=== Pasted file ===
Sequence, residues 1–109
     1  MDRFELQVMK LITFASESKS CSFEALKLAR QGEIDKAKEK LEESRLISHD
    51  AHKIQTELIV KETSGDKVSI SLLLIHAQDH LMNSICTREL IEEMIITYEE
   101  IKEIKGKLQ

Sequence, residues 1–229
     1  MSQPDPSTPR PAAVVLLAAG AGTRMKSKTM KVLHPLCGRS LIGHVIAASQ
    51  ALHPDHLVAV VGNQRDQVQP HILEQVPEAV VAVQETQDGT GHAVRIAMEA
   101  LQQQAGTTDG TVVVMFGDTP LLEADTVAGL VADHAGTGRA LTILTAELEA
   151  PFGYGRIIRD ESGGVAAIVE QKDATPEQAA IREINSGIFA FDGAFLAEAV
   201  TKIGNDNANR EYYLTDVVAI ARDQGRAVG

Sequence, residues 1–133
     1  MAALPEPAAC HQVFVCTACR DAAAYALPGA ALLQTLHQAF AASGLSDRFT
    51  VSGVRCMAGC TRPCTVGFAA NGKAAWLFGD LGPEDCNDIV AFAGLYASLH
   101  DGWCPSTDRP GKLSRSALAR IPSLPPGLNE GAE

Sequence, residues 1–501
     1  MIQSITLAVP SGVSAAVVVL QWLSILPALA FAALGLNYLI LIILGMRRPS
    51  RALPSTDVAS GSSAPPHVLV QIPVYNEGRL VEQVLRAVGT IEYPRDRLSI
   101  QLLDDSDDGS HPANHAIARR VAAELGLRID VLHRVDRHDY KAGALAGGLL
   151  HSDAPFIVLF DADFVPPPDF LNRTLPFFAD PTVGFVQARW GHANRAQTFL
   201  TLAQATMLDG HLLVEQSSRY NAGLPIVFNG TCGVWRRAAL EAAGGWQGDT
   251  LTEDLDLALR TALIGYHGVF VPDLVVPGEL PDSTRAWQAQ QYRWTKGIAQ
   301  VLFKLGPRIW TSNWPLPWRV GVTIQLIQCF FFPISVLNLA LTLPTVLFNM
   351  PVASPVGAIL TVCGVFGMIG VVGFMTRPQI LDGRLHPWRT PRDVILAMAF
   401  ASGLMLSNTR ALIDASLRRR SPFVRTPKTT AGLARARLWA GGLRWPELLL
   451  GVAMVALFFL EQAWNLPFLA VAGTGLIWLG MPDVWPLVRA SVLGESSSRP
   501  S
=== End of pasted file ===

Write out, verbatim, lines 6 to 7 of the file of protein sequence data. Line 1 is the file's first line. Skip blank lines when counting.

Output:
     1  MSQPDPSTPR PAAVVLLAAG AGTRMKSKTM KVLHPLCGRS LIGHVIAASQ
    51  ALHPDHLVAV VGNQRDQVQP HILEQVPEAV VAVQETQDGT GHAVRIAMEA